I was fourteen years old at the time and like most adolescents, I was in the middle of my “mad scientist” phase. I’d camp out in my bedroom experimenting for days on end. I had received a Radio Shack do-it-yourself Crystal Radio kit for Christmas and after weeks of trial and error, I’d just gotten it to work—the radio had actually begun to emit static from its little speaker!
As I searched for a station, Ray burst through the front door in tears.
“What the hell is wrong?” the old man asked. My brother heaved and stuttered: “Philip and Brian s-s-said John’s a f-f-fag.”
Panic-stricken, I quietly closed my bedroom door, and pressed my ear up against it.
“Oh, Ray!” I could hear my mother consoling him, “They’re lying. John’s not like that. He’s a good boy, a decent boy. Why would they say something so horrible? So untrue?”
Anonymous footsteps approached my bedroom door, paused for a moment, and then gingerly retreated. In the end, nothing ever came of the incident, though I was met with a cold silence for the rest of the afternoon.
“John?” my mother fidgeted with her pillbox. “I want to ask you a personal question but I need you to look me directly in the eye and tell me the God’s honest truth: are you gay?”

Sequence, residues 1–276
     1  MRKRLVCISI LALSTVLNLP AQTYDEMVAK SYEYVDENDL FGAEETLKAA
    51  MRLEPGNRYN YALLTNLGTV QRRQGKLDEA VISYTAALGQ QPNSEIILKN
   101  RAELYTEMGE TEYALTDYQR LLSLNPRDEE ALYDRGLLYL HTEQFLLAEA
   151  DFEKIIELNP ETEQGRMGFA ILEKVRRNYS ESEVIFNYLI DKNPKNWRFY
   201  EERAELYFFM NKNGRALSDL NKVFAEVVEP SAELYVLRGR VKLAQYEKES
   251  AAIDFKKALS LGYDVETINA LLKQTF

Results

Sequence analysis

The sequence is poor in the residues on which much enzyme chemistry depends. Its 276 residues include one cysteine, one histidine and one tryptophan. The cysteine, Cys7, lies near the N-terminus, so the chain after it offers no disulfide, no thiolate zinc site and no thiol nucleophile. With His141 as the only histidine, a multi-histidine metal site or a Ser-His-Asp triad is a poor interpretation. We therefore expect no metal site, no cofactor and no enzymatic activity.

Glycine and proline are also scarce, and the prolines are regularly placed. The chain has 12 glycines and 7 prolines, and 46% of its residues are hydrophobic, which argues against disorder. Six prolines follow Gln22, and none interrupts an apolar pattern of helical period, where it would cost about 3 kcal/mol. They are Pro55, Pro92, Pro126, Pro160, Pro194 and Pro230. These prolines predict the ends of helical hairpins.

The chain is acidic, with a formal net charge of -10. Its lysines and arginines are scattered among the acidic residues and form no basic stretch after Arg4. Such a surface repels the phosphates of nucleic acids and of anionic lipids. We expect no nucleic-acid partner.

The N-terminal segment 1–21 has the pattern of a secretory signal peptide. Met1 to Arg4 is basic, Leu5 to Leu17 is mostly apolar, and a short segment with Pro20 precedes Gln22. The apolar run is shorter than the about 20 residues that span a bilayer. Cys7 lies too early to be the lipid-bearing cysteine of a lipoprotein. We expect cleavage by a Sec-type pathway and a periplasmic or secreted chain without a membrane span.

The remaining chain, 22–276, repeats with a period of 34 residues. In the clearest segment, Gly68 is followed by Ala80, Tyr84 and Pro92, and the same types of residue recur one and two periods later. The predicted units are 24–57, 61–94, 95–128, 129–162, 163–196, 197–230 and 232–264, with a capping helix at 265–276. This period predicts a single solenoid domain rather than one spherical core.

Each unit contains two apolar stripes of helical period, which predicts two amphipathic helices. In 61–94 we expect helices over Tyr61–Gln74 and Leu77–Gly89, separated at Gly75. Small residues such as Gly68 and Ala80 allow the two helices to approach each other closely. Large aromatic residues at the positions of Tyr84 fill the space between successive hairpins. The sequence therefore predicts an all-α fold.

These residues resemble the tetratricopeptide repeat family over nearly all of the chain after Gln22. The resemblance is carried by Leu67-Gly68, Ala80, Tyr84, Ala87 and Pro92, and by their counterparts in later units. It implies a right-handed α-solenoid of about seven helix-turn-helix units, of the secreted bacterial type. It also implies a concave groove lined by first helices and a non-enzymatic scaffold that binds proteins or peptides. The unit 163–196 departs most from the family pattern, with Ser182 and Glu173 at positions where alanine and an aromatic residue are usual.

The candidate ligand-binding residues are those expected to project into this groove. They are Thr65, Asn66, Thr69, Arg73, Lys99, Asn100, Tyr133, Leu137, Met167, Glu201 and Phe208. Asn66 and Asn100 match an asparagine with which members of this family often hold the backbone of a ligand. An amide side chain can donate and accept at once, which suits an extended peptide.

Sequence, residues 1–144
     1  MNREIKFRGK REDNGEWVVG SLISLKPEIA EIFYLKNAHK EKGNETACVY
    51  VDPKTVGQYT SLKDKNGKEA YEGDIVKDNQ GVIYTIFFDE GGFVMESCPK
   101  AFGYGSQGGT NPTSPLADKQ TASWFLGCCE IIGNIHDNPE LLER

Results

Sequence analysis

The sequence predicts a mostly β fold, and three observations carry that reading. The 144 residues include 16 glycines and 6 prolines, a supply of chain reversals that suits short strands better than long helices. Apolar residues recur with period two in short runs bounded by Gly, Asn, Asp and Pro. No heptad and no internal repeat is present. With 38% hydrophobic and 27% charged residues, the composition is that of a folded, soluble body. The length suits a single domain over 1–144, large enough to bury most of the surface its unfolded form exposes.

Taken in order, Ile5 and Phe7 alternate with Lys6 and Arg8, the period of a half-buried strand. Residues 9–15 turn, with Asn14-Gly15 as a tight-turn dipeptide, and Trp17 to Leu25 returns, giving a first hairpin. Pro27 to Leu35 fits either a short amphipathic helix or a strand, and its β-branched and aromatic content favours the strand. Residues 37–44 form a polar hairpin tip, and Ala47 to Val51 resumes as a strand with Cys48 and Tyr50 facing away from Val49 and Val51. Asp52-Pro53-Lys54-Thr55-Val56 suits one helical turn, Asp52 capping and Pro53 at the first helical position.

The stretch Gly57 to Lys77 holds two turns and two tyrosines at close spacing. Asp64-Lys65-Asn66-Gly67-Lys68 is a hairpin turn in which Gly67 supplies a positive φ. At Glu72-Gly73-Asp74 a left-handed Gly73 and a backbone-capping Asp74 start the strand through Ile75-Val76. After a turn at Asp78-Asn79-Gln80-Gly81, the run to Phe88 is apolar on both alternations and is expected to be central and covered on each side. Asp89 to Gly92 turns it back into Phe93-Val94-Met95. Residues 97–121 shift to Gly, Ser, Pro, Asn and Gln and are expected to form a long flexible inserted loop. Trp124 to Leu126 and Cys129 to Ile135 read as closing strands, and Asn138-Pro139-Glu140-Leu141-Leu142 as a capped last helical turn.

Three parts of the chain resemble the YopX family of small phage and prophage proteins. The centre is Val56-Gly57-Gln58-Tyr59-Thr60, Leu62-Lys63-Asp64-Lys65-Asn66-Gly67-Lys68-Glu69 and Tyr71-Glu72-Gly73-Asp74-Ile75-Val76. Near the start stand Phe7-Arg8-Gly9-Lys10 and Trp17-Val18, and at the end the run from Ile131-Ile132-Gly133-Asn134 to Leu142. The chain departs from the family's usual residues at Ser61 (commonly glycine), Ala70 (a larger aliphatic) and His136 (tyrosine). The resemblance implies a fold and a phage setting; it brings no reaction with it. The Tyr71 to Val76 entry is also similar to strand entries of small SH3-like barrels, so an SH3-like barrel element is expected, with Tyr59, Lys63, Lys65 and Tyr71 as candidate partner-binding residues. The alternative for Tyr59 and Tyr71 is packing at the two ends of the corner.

“Oh my god, Mom, again?? You can’t be serious!” I was exasperated at this point.
“Well, I just want you to know that I’m your mother and….”
“Yeah, I get it, I’m gay but you love me anyway.”
A nearby custodial care worker shot me a dirty look, but the young woman was quick to follow up with a warm, knowing smile.
“Mom, I’m sorry,” I whispered, “but you’ve jogged some painful memories which I’d just assume forget.”
Before I could go on, Ray approached the table, but he didn’t sit down. His work break was coming to an end and he signaled that it was time to go.
We kissed Mom goodbye and made our way out to the parking lot. Off-white magnolia petals from an overhanging tree blanketed the car. As I drove my brother back to work, I turned the windshield wipers on to clear away the last of the spent blossoms.
“Talk to me Ray,” I implored, “it’s too quiet in here.”
“Hey, thanks for goin’ it alone in there with Mom. Sometimes I can’t handle.”
“No worries. I covered for you; I told her you needed a smoke.”
“Thanks man. I love you, I really do.”
“I love you too Ray, I love you too.”
My First Gay Mom and Dad